Know What You Feed Your Cat

What can you feed your cat to lessen your cat food's impact on the environment?

By Kristin Grant

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Natural Cat- Organic Cat Food- June 2012

Choosing the right cat food usually boils down to two variables: flavor and form. Does your cat go crazy for red meat and turn up her nose at dry cat food? Then a canned beef or venison cat food fits the bill. Although type and texture matter, purchasing cat food based on those variables alone overlooks other factors, and while these factors won't directly affect your cat's feeding experience, they may affect something more significant: the environment.

One obvious way you can lessen your cat's carbon pawprint is to feed organic cat food, which is produced without adding pesticides or chemical fertilizers to the ecosystem. But there are other ways producers can lessen the environmental impact of their products in the packaging, production and distribution of their cat food.  

Going Solar
Using a renewable energy source to produce cat food significantly decreases damage to the environment by reducing byproducts and saving nonrenewable energy sources such as oil, natural gas and coal. For example, cooking cat food with natural gas emits carbon monoxide and nitrogen dioxide, both harmful when inhaled. Also, more than half the electricity used in the United States generated by burning coal, which pollutes the air with sulfur dioxide, nitrogen oxides and carbon dioxide.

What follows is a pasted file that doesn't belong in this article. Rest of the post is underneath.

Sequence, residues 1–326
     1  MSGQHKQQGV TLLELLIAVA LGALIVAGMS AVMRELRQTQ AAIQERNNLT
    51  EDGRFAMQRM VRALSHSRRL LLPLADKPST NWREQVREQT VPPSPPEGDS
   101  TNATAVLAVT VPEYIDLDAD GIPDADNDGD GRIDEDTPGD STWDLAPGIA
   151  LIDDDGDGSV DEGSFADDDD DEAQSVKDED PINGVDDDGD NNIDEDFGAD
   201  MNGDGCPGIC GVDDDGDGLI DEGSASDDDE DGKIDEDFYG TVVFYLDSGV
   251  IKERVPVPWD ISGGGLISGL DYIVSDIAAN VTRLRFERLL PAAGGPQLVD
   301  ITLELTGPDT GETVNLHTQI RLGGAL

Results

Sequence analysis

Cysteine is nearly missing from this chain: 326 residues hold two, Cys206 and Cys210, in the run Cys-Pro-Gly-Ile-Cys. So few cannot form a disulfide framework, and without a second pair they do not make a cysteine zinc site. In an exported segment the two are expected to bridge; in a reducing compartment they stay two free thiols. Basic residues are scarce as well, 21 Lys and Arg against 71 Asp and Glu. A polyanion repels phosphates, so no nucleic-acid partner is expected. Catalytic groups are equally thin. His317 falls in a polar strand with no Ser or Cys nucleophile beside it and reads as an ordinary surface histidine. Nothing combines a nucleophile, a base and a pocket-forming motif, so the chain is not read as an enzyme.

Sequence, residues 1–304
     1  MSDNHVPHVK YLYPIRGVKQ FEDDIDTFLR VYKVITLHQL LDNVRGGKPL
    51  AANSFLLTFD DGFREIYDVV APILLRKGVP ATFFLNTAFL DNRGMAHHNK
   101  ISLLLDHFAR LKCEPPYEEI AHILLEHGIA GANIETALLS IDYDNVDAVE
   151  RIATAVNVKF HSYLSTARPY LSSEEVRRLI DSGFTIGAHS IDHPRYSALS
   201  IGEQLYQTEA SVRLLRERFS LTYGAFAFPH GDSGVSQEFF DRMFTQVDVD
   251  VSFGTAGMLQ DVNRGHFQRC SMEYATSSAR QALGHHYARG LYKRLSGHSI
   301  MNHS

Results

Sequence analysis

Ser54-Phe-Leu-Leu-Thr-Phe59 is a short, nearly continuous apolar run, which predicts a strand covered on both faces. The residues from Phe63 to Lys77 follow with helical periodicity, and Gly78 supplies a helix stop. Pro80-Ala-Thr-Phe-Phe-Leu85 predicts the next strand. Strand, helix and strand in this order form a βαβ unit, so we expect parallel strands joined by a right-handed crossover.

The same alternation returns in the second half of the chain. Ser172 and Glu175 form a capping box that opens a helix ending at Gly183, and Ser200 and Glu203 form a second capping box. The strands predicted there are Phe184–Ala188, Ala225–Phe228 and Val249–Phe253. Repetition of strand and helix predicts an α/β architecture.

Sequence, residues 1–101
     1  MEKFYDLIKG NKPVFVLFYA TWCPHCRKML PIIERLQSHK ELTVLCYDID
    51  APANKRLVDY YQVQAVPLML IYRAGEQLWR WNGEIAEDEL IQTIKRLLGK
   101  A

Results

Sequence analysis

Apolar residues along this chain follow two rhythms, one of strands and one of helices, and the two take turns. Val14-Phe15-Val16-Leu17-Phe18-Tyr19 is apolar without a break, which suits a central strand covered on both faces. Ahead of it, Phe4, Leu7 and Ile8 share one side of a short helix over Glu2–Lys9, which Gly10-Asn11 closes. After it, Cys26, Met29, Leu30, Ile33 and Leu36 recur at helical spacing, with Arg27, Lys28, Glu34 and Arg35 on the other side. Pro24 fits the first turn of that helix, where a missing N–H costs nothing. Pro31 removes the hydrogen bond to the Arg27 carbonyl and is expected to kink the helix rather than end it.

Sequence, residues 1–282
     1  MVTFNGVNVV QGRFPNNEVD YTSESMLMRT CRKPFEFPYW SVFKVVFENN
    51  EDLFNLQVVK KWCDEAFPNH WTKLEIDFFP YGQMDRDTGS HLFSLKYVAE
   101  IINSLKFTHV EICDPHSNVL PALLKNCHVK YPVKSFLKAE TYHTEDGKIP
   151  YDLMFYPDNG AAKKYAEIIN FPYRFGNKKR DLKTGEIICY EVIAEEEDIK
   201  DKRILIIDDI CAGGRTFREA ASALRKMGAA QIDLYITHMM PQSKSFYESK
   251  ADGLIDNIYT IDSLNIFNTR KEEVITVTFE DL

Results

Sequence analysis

Pet food manufacturers are increasingly seeking out renewable energy sources. For instance, in 2009 Cardinal Pet Care opened a 100- percent solar-powered manufacturing and distribution center in Azusa, Calif. Pet food manufacturer Nestle Purina recently installed solar panels at one of its plants in Denver.

For pet-food producers, solar energy can serve as a clean, environmentally friendly energy source. Other sources of renewable energy include wind, geothermal and hydroelectric.

Cat food and other pet food companies can also help the environment by using organic ingredients and biodegradable packaging.

**Get the June 2011 issue of CAT FANCY to read the full article or click here to purchase a PDF version.**

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